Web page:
I have several varieties of Bee Balm, and like you, appreciate them for attracting hummingbirds. One of my favourites is a pink variety (maybe an idea for spring).
    I love the way you have mixed salvias. I think I may use your border as inspiration to add another color next to my dark blue variety.
    P.S. The link that you leave along with your comment on my blog takes me to your profile page, but no further. There is no link back to your own blog off that profile page. Could you please add a link to your blog? It would make returning your visits so much faster.
    Have a great weekend Jason!

    • Thanks for mentioning the problem about the link, I’ll try to figure that out! We do have False Indigo growing in another bed, but I can see it would go well with the Amsonia.

  10. I like that you are grading your plants…my new to me garden is still in the I’m not sure stage…there are definitely some plants I would like to turf, and others I would like more of. I just need some more time.

    Jen

  11. I MUST plant Northern Sea Oats! I keep seeing them on other blogs, and they’re so interesting. Your wash of Salvia in various shades is a winner, too. How entertaining to have report cards for your plants.

    • Just know that Northern Sea Oats has two drawbacks: it can grow so tall that it needs staking, and it does self-sow. And the seedlings are stubborn little buggers.

  12. Very pretty! I am most impressed with your river of salvia! What a beautiful combination of blue and purple – I definitely need to try this in my own garden!

  13. I like your Golden Alexander. Our Alexander that I grow in York UK is Smyrnium and is biennial. Is zizia perennial? I wonder if it will grow over here.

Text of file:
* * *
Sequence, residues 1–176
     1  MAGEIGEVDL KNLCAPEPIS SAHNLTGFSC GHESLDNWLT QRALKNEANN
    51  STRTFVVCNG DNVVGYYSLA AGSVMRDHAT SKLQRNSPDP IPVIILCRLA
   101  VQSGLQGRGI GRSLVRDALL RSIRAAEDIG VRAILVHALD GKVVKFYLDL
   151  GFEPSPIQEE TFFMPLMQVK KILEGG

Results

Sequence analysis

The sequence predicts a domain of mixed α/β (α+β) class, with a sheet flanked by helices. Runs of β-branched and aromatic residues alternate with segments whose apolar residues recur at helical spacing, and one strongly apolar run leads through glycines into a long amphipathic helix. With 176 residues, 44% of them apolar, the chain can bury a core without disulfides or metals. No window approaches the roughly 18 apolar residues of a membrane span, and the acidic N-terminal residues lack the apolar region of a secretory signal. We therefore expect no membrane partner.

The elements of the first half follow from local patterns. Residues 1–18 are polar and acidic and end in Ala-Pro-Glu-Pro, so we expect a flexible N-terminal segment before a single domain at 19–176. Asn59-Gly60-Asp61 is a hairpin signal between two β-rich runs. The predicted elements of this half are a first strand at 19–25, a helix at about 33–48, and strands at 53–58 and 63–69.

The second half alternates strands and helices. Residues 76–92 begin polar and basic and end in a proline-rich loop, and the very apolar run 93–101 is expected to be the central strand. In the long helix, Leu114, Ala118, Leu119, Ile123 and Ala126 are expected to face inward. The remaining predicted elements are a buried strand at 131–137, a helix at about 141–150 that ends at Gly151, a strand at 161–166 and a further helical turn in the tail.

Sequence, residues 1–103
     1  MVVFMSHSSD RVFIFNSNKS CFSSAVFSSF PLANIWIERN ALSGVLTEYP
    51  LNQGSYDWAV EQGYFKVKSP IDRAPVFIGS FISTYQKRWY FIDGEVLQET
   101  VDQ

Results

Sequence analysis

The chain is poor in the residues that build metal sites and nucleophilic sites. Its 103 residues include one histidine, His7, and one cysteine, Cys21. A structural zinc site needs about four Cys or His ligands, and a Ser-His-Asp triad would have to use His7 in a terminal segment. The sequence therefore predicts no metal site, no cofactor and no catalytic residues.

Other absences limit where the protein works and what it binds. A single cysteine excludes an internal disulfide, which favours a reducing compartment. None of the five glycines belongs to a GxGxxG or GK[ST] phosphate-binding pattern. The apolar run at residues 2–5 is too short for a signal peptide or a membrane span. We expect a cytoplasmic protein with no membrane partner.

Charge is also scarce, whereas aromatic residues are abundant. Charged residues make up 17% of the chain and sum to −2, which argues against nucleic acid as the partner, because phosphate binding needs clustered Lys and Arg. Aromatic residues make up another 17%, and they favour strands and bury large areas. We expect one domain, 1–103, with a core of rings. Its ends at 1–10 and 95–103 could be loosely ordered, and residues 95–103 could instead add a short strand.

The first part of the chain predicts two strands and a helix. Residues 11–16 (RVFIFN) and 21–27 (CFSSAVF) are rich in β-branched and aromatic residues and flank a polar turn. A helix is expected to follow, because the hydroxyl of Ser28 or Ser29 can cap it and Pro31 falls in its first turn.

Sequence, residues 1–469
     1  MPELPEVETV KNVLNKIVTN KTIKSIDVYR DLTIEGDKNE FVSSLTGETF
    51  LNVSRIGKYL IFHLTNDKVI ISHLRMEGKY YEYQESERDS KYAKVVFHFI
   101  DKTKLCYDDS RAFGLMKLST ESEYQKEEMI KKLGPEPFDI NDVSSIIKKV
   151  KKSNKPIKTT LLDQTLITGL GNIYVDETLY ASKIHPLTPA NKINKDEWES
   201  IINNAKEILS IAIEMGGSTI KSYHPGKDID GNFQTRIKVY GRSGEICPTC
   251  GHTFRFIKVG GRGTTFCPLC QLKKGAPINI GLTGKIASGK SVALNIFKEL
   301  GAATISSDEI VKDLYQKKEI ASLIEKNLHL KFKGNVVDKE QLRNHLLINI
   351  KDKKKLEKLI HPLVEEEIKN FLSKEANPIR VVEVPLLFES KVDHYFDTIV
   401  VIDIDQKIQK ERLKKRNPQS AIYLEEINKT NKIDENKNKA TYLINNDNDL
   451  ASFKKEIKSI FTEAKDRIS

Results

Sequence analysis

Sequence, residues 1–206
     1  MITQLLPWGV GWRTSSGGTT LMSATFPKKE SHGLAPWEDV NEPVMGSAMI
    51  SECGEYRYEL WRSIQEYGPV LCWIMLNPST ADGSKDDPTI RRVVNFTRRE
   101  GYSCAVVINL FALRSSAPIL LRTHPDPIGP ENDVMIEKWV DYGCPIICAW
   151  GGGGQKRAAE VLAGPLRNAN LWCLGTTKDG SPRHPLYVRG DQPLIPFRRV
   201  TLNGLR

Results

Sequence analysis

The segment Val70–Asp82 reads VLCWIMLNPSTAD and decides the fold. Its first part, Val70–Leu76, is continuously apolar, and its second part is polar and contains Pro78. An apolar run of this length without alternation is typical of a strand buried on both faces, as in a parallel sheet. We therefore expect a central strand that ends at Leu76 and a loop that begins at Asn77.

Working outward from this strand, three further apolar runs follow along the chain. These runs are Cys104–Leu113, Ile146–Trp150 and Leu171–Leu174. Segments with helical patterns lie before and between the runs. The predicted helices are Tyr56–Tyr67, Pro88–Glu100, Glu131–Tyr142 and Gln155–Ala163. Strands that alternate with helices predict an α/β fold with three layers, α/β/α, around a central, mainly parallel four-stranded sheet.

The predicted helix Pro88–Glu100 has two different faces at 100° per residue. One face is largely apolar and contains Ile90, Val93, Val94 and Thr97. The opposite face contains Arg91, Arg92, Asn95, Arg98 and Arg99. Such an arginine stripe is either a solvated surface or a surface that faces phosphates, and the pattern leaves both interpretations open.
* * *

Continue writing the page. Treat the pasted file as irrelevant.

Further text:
• Yes, Zizia aurea is perennial. I would think that it would grow well in most of the UK. It likes moisture but will tolerate dry soil. Also tolerates shade well.

  14. Jason, do you have any trouble with the sea oats? They can be quite aggressive, but some people love them. As for your other plants, I love nearly all of them, especially those with the A and B ratings. Great post, and your neighborhood is so lucky to have such a garden to see as they walk by.

    • Yes, I do have trouble with the sea oats. I have removed some from some of the other beds. But mostly I just work at controlling the aggressive self-seeding.

  15. I like the idea of grading your plants. Makes me think there should be a cut off at certain grades – if you fall below a C+ then you’re out! Also thanks for mentioning the mildew on the Monarda. I was just looking at this one on a nursery catalogue yesterday but have had big trouble will powdery mildew on other plants here.

  16. Not formally grading but not a bad idea…I think i will begin in a few beds and list the plants, when they bloom, whether they are native (important for me), growing conditions and a grade…it will probably help. Thanks!

  17. We have all the same plants!!! WOW! Try ‘Blue Ice’ amsonia instead of the larger one. It only grows to 16″ or so and is tough as nails. Ok – wait – I don’t have the rye grass or wild bergamot but I have every other plant you listed. Golden Alexanders aren’t a host food for swallowtails. I’ve read that, too, but they only go to plants in the carrot family such as dill, carrots, parsley and rue. I’ve never seen them on my Alexanders.

    • I have some Blue Ice in the backyard, but it is just one year old so I’m not sure how it will do. I thought Golden Alexander was in the carrot family. I do grow dill, fennel, and parsley for the STs and haven’t seen ST cats on them either.

  18. Hi Jason, that’s a lovely, generous front border. I have a tiny front garden where more than half the grass has been turned into planting space. I enjoy cramming it full of bold bright flowering plants and people do occasionally comment if I’m working in the front. Some people even take pictures, which is very flattering. One thing that I think would look nice in your border is to add height either with a rose or clematis obelisk or a stand of tall plants such as delphiniums or hollyhocks.

  19. I love your sidewalk border. I have been trying to cultivate something similar and fingers crossed this summer it will all come together. I just hope it looks as good as yours!

    • I think time is the one thing you really need, both for the plants to fill in and to figure out what works. But thank you so much for the compliment!